It is estimated that up to 90% of home repairs are due to excess moisture in the home, which is why ventilation of your home is so crucial. Moisture is in the air. If it wasn’t, we wouldn’t be able to breathe! And moisture always moves from wet to dry. If there is a moisture problem in your home, your goal should be to stop air that is carrying the moisture from entering your home or attic.
Home Dynamics That Increase Moisture
- Time of year. During the colder months, outside temperatures often require windows and doors to remain shut, so moisture can’t get out of the house like it can when the outside air is warmer, such as in the spring or summer. During the warmer months, homeowners can open their doors and windows more often to take advantage of and enjoy a nice breeze.
- Number and age of people in your home. If you have a lot of people living in your home and several of them tend to take long showers or baths, you will have an increase of humidity in your home. Do you have large gatherings over the holidays or for special celebrations? If so, you may notice condensation on your windows because of all the extra people in your home. Most likely, with more people in your home, there will also be an increase in cooking!
- Lifestyle habits. Cooking or frying anything produces moisture. Opening your oven, washing dishes, boiling a pot of water, or opening the dishwasher just after it’s completed a wash can produce moisture in your home.
Potential Signs of Moisture Problems In Your Home
- Ice dams on your roof may indicate excessive heat in your attic, air leaks, or not enough insulation or ventilation.
- “Hot spots” on your roof where snow is melting may indicate potential air leakage, such as around skylights or vents.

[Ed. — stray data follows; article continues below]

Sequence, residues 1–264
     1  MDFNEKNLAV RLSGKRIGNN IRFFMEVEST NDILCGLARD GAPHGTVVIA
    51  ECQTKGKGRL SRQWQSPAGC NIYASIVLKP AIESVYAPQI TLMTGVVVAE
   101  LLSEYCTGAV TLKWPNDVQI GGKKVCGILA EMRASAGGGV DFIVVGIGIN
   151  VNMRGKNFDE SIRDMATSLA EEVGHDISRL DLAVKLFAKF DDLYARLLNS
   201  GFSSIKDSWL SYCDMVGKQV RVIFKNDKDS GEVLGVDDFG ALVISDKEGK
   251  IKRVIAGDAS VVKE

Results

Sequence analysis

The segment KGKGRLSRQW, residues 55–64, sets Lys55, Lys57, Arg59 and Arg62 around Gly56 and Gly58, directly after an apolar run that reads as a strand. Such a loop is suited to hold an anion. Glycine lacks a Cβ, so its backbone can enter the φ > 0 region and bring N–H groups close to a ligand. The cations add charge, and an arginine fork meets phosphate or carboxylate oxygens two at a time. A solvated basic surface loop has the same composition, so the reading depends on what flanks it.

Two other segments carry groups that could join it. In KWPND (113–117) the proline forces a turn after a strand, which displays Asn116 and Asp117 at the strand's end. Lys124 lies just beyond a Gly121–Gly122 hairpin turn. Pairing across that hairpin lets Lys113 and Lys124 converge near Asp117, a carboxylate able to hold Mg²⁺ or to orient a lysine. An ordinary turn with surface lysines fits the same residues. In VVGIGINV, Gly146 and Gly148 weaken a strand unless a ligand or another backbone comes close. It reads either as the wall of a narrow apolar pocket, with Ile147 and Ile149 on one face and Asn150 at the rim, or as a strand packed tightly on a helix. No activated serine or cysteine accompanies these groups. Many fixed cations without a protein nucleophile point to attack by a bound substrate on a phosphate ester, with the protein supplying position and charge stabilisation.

- Mold inside your home is caused by high relative humidity in the air which condenses on cold surfaces in your walls or ceilings for extended periods of time, in addition to the home simply leaking rain or snow into the walls or attics.
- Window condensation may indicate that it is either too cold inside your home, or that the moisture level inside your home is too high. Fix this by running your bath or kitchen exhaust fans for 35-40 minutes after showering/bathing/cooking but be sure that these fans are exhausting to the exterior of your home, and not just into the kitchen or into an attic. Exhausting into the attic can cause big issues and should be remedied. A humidistat, which can be purchased at your local hardware or big box store, or online, placed somewhere in the home is helpful. It is recommended that you keep humidity in the home at 35-40% in the winter months.
Your overall goal is to increase your indoor air quality and comfort. You should do this by controlling moisture, air and heat transfers in your home. Other solutions may include:
- Have an existing crawl space sprayed with insulating foam and sealed properly.
- Install more insulation in your attic to increase the R value.
- Install a soil gas exhaust fan. If you have a musty basement, and/or a basement built with block foundation, a soil gas exhaust fan is an inexpensive alternative to constantly running a dehumidifier. The cost of running a soil gas exhaust fan is about $5 per month, where the cost of running a dehumidifier can be $40-50 per month.
- Have your home tested for energy efficiency. Rebates could be available through your energy company or cooperative.
Pat Smith is the owner of Eau Claire Insulation & Exteriors, and Brad Steinke is a Building Systems Specialist for Rock and Tait Exteriors LLC, both of whom are members of the Chippewa Valley Home Builders Association. Blog articles are often submitted by members of the Chippewa Valley Home Builders Association. For more information, please call 715-835-2526 or email firstname.lastname@example.org.